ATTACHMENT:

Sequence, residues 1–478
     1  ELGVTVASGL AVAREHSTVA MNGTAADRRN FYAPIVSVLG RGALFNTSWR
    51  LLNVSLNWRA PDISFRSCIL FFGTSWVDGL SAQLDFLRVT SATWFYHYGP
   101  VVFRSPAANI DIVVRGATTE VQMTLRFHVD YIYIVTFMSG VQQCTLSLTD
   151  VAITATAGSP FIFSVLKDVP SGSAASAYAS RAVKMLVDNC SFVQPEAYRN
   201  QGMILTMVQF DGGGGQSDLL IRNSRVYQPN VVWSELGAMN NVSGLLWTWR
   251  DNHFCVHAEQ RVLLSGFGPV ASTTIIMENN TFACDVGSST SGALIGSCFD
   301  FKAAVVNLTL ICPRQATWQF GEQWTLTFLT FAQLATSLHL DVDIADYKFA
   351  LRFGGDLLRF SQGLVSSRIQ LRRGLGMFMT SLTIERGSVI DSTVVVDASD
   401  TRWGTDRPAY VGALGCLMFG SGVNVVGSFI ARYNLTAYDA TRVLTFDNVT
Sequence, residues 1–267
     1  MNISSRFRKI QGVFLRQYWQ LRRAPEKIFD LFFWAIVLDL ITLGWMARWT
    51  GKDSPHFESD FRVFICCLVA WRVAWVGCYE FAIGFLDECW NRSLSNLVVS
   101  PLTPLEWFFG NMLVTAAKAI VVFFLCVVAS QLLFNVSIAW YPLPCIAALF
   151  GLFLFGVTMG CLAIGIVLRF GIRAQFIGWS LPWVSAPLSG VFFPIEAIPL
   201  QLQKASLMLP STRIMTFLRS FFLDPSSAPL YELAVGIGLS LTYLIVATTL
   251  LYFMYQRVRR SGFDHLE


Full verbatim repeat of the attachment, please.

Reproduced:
Sequence, residues 1–478
     1  ELGVTVASGL AVAREHSTVA MNGTAADRRN FYAPIVSVLG RGALFNTSWR
    51  LLNVSLNWRA PDISFRSCIL FFGTSWVDGL SAQLDFLRVT SATWFYHYGP
   101  VVFRSPAANI DIVVRGATTE VQMTLRFHVD YIYIVTFMSG VQQCTLSLTD
   151  VAITATAGSP FIFSVLKDVP SGSAASAYAS RAVKMLVDNC SFVQPEAYRN
   201  QGMILTMVQF DGGGGQSDLL IRNSRVYQPN VVWSELGAMN NVSGLLWTWR
   251  DNHFCVHAEQ RVLLSGFGPV ASTTIIMENN TFACDVGSST SGALIGSCFD
   301  FKAAVVNLTL ICPRQATWQF GEQWTLTFLT FAQLATSLHL DVDIADYKFA
   351  LRFGGDLLRF SQGLVSSRIQ LRRGLGMFMT SLTIERGSVI DSTVVVDASD
   401  TRWGTDRPAY VGALGCLMFG SGVNVVGSFI ARYNLTAYDA TRVLTFDNVT
Sequence, residues 1–267
     1  MNISSRFRKI QGVFLRQYWQ LRRAPEKIFD LFFWAIVLDL ITLGWMARWT
    51  GKDSPHFESD FRVFICCLVA WRVAWVGCYE FAIGFLDECW NRSLSNLVVS
   101  PLTPLEWFFG NMLVTAAKAI VVFFLCVVAS QLLFNVSIAW YPLPCIAALF
   151  GLFLFGVTMG CLAIGIVLRF GIRAQFIGWS LPWVSAPLSG VFFPIEAIPL
   201  QLQKASLMLP STRIMTFLRS FFLDPSSAPL YELAVGIGLS LTYLIVATTL
   251  LYFMYQRVRR SGFDHLE